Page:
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Oregon Makes Headway in Insuring More Latino Children

Oregon has made headway in getting health insurance to more Latino children, and could be doing even more, says a new national report. (casiuno/morguefile)
Oregon has made headway in getting health insurance to more Latino children, and could be doing even more, says a new national report. (casiuno/morguefile)
January 18, 2016

PORTLAND, Ore. – Oregon is making progress covering more Hispanic children with health insurance, but there's a lot more to do, according to a new national report.

The state managed to cover an additional 5,000 Latino children in the first year of the Affordable Care Act, but almost 12,000 remain uninsured.

Linda Roman, director of health policy and government relations for the Oregon Latino Health Coalition, says her group wants to see the state expand its Basic Health Plan to cover more low-income families.

In the meantime, she says the health insurance challenge is tougher for households with people of different immigration status.

"One barrier is whether the whole family has health insurance,” she points out. “For mixed-status families, it really creates a patchwork of coverage for each family member – and of course, none of us benefit when folks are uninsured or underinsured."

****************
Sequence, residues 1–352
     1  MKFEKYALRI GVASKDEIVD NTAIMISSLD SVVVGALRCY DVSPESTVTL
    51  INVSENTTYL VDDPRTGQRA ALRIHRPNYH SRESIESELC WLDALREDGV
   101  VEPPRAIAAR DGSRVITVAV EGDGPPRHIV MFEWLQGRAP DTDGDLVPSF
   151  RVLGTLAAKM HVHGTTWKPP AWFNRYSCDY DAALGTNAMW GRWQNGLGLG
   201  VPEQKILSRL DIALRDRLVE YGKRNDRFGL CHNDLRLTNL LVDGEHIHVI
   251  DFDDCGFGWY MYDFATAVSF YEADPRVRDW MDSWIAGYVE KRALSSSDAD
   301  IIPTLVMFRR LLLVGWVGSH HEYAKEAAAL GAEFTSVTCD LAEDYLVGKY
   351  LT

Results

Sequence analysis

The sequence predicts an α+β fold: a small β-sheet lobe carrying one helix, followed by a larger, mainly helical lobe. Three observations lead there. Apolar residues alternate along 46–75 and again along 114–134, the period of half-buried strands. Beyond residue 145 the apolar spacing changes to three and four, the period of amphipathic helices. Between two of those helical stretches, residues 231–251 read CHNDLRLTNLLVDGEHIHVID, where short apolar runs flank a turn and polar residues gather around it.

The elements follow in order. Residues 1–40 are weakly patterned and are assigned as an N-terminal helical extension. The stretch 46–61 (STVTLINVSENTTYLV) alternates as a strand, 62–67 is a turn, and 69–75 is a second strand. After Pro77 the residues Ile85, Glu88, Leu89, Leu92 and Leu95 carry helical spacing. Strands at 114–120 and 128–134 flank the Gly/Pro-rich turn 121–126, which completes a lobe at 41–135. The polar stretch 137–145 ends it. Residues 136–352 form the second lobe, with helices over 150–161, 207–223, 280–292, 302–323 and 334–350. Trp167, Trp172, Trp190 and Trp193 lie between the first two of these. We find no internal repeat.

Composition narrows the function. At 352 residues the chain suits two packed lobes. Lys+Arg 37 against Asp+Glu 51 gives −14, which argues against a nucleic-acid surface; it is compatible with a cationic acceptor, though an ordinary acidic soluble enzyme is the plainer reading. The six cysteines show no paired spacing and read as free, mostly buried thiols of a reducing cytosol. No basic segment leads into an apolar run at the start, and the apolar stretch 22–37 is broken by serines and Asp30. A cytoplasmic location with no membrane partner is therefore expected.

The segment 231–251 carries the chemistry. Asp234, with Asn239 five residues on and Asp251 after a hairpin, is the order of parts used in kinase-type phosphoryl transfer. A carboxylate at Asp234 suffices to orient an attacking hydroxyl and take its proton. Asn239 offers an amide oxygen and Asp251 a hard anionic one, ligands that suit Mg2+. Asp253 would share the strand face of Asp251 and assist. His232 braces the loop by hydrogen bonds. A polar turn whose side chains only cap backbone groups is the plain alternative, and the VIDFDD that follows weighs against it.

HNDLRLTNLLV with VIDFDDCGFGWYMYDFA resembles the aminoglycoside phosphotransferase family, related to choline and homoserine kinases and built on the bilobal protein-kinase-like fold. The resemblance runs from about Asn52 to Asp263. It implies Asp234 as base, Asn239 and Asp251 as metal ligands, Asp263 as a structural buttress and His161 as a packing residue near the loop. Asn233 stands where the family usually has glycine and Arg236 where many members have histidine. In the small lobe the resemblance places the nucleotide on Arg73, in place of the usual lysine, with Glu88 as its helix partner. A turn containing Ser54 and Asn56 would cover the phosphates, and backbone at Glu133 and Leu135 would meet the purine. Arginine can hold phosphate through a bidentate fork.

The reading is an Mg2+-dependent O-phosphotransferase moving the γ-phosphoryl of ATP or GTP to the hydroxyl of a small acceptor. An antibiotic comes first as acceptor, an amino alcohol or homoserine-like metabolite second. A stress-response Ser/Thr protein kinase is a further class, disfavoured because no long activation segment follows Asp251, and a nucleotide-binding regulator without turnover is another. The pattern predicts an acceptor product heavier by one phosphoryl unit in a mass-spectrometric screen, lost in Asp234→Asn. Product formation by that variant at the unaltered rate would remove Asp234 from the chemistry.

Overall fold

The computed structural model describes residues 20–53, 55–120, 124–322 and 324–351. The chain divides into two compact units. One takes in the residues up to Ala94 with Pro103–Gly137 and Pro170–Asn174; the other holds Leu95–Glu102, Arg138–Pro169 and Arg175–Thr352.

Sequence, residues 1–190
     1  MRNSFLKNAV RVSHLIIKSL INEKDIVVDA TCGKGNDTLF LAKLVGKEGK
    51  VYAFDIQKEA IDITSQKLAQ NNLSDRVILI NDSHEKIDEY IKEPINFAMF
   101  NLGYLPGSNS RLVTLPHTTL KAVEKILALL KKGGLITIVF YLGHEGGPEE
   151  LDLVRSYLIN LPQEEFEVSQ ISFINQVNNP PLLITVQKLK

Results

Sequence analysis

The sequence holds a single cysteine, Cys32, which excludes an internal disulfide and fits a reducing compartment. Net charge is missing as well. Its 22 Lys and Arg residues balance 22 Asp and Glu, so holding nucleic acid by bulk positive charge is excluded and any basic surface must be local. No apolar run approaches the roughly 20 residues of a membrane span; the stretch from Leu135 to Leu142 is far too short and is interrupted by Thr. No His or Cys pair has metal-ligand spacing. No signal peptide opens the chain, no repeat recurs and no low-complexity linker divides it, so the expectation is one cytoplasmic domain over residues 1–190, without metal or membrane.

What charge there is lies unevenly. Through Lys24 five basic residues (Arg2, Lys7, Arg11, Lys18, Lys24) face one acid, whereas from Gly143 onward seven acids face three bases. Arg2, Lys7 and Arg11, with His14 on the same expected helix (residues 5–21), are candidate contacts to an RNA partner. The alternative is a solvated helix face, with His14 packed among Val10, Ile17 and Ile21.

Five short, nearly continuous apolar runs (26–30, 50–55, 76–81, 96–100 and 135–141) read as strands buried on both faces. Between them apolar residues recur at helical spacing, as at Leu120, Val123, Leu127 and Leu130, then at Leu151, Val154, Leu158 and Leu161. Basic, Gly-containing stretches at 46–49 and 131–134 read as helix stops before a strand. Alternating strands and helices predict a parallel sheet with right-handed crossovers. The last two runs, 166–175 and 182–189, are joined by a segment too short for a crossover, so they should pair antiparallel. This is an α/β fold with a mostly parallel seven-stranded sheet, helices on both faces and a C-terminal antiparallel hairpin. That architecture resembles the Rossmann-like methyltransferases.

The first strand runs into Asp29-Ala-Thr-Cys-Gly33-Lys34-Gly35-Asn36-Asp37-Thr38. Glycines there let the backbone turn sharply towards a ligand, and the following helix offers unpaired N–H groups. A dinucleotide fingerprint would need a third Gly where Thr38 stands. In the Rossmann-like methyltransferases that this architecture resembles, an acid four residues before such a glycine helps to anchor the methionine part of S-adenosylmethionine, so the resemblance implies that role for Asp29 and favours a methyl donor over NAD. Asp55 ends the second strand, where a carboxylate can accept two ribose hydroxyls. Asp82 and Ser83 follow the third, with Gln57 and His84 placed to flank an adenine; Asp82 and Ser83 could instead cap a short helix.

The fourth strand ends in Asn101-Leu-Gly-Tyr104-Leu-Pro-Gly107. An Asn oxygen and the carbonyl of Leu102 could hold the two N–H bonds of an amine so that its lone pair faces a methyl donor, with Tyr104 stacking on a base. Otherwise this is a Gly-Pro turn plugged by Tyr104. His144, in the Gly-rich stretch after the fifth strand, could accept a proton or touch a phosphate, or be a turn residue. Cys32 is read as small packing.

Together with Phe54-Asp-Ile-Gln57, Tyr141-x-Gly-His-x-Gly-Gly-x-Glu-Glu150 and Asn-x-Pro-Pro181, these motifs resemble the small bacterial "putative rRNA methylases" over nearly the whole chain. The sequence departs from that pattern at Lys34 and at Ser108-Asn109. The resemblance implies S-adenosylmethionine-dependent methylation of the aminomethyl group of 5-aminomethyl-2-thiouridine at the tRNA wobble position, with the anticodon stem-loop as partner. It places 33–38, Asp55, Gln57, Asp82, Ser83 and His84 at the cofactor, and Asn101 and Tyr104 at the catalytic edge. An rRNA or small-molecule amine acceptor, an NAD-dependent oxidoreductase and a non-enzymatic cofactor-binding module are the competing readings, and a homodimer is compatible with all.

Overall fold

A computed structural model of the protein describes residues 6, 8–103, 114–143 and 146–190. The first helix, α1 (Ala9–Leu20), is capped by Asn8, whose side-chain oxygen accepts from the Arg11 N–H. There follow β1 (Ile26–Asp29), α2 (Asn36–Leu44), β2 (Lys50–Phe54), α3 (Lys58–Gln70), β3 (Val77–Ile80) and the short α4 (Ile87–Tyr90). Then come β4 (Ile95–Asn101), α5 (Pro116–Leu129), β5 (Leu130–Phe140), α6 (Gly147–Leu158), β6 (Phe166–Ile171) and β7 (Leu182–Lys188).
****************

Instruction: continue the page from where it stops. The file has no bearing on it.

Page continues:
Roman adds that children are much more likely to be covered when their parents are insured.

The report, from the Georgetown University Center for Children and Families and the National Council of La Raza, says Oregon is one of 11 states where the numbers and percentage of uninsured Hispanic children have fallen.

While the gap is narrowing, Latino children are still one-and-a-half times less likely to have health coverage than other children.

Sonya Schwartz, a policy fellow at the Georgetown University Center, says correcting that disparity is critical to improving the lives of children, and even pulling families out of poverty.

"Healthy children are healthy learners,” she stresses. “We have some new research available, and it shows that health coverage for children is linked to better health throughout childhood. It's linked to school success, and it's linked to improved financial security for their families."

The report says outreach to families of color should be a priority.

Schwartz says the majority of uninsured Hispanic children are U.S. citizens who are eligible for coverage through states' Medicaid or CHIP programs, but haven't been enrolled.

Chris Thomas, Public News Service - OR